Deepening the Berklee-Colombia Connection

Giraldo, a Berklee trustee who organized and served as artistic producer for the event, says that the selection of artists for the concert was a concerted attempt to showcase the different sounds of Colombia, from the Carribbean coast and the Pacific to the vast interior, and adds that she sees it as the beginning of an even stronger tie between Colombia and Berklee.

“Colombia is a country with a vanguard in popular rhythms, and Berklee is the most recognized school in the study of popular music, so we must take this opportunity,” says Giraldo, who is Berklee’s first Colombian Advisory Council member.

The concert clearly got that ball rolling by celebrating Berklee’s ongoing work in Colombia through Berklee Latino, which has frequently collaborated with Berklee International Network (BIN) member Escuela de Música, Medios, Arte y Tecnología (EMMAT), cofounded by Berklee alumnus Alejandro Cajiao B.M. ‘05. At EMMAT, Berklee Latino offers students in Colombia the opportunity to begin their Berklee education closer to home. Berklee Latino will host Spanish-language music courses, master classes, ensembles, and clinics at EMMAT in October, and will begin accepting applications on April 15, 2017. Last year, the program provided scholarships to 60 Colombian students who were sponsored by the combination of the Inter-American Development Bank (IDB), and three Colombian agencies: Batuta, La Red, and IDartes. This sponsorship consortium made it possible for the most talented, vulnerable youth—selected by the three agencies—to attend; the students' talent elevated the musicianship of the workshop.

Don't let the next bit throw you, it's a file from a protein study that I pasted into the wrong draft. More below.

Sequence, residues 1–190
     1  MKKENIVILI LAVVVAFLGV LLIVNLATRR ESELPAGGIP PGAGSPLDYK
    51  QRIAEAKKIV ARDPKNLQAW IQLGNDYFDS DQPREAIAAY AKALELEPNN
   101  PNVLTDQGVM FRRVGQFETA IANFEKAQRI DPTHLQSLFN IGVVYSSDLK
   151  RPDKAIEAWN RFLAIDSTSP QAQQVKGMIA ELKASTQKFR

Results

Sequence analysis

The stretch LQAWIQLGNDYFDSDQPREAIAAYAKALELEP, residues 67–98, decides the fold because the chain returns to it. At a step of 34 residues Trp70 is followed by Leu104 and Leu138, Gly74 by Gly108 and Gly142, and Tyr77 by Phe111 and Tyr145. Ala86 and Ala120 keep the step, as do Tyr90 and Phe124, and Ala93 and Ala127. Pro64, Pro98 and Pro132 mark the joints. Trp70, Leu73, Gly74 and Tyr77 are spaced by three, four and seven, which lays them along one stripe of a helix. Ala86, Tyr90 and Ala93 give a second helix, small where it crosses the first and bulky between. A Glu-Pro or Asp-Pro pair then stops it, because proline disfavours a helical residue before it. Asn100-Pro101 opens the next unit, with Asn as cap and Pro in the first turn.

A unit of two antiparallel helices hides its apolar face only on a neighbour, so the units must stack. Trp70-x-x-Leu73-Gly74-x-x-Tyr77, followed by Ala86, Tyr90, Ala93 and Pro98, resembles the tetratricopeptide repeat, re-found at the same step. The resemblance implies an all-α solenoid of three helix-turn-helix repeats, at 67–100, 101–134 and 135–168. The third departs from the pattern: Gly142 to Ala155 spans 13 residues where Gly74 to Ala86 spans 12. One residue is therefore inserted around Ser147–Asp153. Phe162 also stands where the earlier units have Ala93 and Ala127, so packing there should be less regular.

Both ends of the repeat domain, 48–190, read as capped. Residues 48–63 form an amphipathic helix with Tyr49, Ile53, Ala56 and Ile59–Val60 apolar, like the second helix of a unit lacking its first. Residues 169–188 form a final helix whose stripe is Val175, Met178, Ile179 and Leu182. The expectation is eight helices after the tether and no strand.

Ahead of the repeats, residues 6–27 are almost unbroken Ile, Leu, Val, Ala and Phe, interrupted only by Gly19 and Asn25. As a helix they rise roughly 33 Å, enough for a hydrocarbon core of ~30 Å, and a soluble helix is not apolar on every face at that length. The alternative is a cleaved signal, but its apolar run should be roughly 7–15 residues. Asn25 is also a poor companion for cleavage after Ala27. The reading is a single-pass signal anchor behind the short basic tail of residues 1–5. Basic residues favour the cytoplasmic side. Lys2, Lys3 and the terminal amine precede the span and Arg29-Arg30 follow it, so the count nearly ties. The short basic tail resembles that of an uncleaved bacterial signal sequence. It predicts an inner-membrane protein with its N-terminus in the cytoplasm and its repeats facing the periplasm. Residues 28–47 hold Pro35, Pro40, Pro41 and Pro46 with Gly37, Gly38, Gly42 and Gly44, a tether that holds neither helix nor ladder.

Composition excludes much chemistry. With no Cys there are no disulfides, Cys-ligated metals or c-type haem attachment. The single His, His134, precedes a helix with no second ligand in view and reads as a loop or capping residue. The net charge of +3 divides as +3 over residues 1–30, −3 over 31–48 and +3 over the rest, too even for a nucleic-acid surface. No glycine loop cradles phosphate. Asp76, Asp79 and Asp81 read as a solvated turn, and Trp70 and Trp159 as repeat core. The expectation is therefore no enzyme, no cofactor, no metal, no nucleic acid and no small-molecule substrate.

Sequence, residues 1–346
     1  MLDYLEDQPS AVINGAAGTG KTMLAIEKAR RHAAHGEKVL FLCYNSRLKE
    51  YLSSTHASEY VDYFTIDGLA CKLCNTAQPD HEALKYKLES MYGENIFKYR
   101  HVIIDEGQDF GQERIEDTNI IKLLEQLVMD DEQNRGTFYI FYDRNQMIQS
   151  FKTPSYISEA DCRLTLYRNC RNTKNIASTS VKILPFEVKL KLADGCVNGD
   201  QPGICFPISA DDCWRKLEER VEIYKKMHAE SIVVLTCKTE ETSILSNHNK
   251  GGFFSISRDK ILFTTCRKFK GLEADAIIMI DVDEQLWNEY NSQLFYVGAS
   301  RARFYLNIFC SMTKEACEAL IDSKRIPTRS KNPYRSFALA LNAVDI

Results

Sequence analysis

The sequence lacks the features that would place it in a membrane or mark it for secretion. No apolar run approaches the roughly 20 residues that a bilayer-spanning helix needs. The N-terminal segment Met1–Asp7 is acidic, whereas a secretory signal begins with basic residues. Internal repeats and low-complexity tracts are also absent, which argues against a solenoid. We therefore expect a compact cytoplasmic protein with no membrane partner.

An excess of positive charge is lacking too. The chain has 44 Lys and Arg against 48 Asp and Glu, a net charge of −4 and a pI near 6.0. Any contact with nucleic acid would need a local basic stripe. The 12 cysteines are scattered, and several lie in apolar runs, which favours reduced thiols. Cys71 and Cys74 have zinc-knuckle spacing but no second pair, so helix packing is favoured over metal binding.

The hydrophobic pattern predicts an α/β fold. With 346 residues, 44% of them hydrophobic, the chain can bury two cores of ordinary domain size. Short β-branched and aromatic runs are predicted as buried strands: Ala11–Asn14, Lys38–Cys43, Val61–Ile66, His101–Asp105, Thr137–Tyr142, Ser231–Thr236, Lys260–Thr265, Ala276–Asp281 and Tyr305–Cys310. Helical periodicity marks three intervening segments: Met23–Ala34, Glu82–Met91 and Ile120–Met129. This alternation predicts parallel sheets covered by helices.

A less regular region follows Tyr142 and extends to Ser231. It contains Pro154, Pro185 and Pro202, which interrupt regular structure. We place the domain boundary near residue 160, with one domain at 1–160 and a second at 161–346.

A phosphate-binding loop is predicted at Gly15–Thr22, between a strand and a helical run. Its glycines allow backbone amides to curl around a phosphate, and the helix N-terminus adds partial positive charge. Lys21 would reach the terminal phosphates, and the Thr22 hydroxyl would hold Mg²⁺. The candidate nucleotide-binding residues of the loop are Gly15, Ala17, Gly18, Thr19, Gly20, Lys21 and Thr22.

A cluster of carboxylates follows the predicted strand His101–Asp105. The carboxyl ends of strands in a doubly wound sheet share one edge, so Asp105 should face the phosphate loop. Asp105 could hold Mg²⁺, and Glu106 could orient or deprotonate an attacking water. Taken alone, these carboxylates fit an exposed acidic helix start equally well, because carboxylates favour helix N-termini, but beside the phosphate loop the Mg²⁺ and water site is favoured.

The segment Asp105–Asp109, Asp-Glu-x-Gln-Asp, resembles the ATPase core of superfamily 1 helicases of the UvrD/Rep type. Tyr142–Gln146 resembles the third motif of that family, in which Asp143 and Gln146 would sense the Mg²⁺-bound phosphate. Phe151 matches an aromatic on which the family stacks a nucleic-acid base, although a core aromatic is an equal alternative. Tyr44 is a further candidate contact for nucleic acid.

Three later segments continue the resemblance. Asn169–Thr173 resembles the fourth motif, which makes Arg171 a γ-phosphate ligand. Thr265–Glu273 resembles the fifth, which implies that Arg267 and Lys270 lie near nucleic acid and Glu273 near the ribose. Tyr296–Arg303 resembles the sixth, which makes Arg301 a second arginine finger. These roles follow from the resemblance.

Building on that work, Berklee is also taking its program of music education for underserved students—the Berklee City Music program and the PULSE® Music Method—to Colombia, and students and alumni are building a music therapy program for former combatants in Colombia, aimed at helping them to overcome post-traumatic stress disorder (PTSD) and ease their transition into civil society. All of this work is supported via the partnership with the IDB.